There is little reason to see the movie today, unless one is a old musical buff, but there are worse movies one can watch!
That was it from Prudence!
Prudence had a very stable and peaceful love life – she married young businessman Joseph Bonadiman on April 11, 1931, in Los Angeles. Joseph E. Bonadiman was born on March 21, 1903, in California, to Carlo Bonadiman and Domenica Passarini, one of four children (he had a brother, Charles and two sisters, one of them Mary). His parents were both immigrants from northern Italy (which was under Austria-Hungary at that time). Prudence gave up her career in 1931 to marry and devote herself to family life.
The Bonadimans had a solid middle class family life. Their first son was born on Joseph Carlosutton was born on August 24, 1932 in Los Angeles, and their second son, William Walter, on June 21, 1935, also in Los Angeles. Joseph became a director of the San Bernardino Valley Municipal Water District and head of the civil engineering firm of Joseph E. Bonadiman & Associates, which was founded in 1942. His obituary nicely sums up his life’s work:
Engineer Joseph E. Bonadiman, who pioneered hillside developments from Hollywood Hills to San Bernardino, died of heart Tailure Monday at Redlands Community Hospital, his relatives said Tuesday. He was 86. “He was the first engineer to do hillside developments of any size in Los Angeles County,” recalled his elder son, Joseph C. Bonadiman. Chavez Ravine now home to the Los Angeles Dodgers was among the early projects. In San Bernardino’s steep foothills, he engineered developments near David Way and later throughout the Verdemont area. Although he had become less active during the last five years, he never fully retired. His last day at work was Friday. The son of immigrant Austrians, Bonadiman came to California as a boy. He lived briefly on a 160-acre apple ranch in Apple Valley, where he arrived by wagon through Cajon Pass. He earned his engineering degree at UCLA where he once sold a used tuxedo to classmate John Wayne. “My dad needed some money and Duke Morrison John Wayne needed a tuxedo, so they traded,” his son said. Working as an engineer in a largely undeveloped state, Bonadiman found himself helping to build bridges, dams, subdivisions and a few airfields. “He designed Ontario International . . . Hawthorne . . . and a couple I don’t remember,” said his son.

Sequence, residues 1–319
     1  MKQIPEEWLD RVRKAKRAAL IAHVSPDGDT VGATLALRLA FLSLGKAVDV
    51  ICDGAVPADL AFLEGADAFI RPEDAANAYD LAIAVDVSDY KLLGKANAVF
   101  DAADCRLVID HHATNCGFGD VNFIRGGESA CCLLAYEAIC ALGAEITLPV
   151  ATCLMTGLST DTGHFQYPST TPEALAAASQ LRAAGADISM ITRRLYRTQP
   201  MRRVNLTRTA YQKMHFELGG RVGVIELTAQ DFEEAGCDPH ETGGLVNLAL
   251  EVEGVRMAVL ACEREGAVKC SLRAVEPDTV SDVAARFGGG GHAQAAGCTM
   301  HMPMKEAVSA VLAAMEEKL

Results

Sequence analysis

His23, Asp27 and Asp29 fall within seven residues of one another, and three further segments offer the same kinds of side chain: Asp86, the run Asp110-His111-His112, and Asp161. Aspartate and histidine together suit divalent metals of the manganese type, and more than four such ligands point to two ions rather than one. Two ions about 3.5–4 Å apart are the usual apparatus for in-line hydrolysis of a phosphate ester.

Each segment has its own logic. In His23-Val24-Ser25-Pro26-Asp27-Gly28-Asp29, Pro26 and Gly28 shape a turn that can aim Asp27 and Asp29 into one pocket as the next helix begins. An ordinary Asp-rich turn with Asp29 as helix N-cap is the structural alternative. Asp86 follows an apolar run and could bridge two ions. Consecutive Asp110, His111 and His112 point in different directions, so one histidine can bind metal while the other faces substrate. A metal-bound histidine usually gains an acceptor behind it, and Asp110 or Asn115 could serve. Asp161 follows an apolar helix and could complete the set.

In 1960 the family moved from Los Angeles to San Bernardino where the engineering firm had already developed extensive
business connections. The Bonadimans nicely blended with the locals, and soon became a well known town staple couple, and Prudence was very active in the local catholic church and various charities.
In early 1966, Prudence had been taken ill. She had been hospitalized for more than a week and was apparently holding her own when an embolism, or blood clot, in the lung resulted in death on January 10, 1966. She was buried in San Bernardino.
Joseph Bonadiman died on January 29, 1990, in San Bernardino, California.